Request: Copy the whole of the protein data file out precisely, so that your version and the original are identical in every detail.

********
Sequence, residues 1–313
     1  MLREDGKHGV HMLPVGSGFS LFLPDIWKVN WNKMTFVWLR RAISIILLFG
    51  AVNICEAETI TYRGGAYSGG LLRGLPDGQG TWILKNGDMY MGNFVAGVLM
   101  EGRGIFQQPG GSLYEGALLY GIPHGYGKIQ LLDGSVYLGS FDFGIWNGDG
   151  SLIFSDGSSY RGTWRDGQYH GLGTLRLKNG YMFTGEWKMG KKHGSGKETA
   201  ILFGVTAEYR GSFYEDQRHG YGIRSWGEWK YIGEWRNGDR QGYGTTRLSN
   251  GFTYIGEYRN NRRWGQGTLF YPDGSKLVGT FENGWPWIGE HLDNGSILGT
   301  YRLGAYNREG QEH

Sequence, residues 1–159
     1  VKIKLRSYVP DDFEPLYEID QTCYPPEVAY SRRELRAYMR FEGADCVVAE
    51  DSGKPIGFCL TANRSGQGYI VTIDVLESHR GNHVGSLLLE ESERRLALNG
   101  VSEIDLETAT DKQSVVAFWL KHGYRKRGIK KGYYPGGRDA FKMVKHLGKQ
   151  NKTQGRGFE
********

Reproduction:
Sequence, residues 1–313
     1  MLREDGKHGV HMLPVGSGFS LFLPDIWKVN WNKMTFVWLR RAISIILLFG
    51  AVNICEAETI TYRGGAYSGG LLRGLPDGQG TWILKNGDMY MGNFVAGVLM
   101  EGRGIFQQPG GSLYEGALLY GIPHGYGKIQ LLDGSVYLGS FDFGIWNGDG
   151  SLIFSDGSSY RGTWRDGQYH GLGTLRLKNG YMFTGEWKMG KKHGSGKETA
   201  ILFGVTAEYR GSFYEDQRHG YGIRSWGEWK YIGEWRNGDR QGYGTTRLSN
   251  GFTYIGEYRN NRRWGQGTLF YPDGSKLVGT FENGWPWIGE HLDNGSILGT
   301  YRLGAYNREG QEH

Sequence, residues 1–159
     1  VKIKLRSYVP DDFEPLYEID QTCYPPEVAY SRRELRAYMR FEGADCVVAE
    51  DSGKPIGFCL TANRSGQGYI VTIDVLESHR GNHVGSLLLE ESERRLALNG
   101  VSEIDLETAT DKQSVVAFWL KHGYRKRGIK KGYYPGGRDA FKMVKHLGKQ
   151  NKTQGRGFE